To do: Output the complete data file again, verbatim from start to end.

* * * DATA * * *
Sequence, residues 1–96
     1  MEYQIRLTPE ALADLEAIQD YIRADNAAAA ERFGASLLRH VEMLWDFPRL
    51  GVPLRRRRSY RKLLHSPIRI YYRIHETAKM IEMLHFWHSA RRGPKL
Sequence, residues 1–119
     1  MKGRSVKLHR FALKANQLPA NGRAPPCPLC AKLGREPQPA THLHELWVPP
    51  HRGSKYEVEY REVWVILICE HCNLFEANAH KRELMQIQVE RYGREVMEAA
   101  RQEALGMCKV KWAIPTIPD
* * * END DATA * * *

Sequence, residues 1–96
     1  MEYQIRLTPE ALADLEAIQD YIRADNAAAA ERFGASLLRH VEMLWDFPRL
    51  GVPLRRRRSY RKLLHSPIRI YYRIHETAKM IEMLHFWHSA RRGPKL
Sequence, residues 1–119
     1  MKGRSVKLHR FALKANQLPA NGRAPPCPLC AKLGREPQPA THLHELWVPP
    51  HRGSKYEVEY REVWVILICE HCNLFEANAH KRELMQIQVE RYGREVMEAA
   101  RQEALGMCKV KWAIPTIPD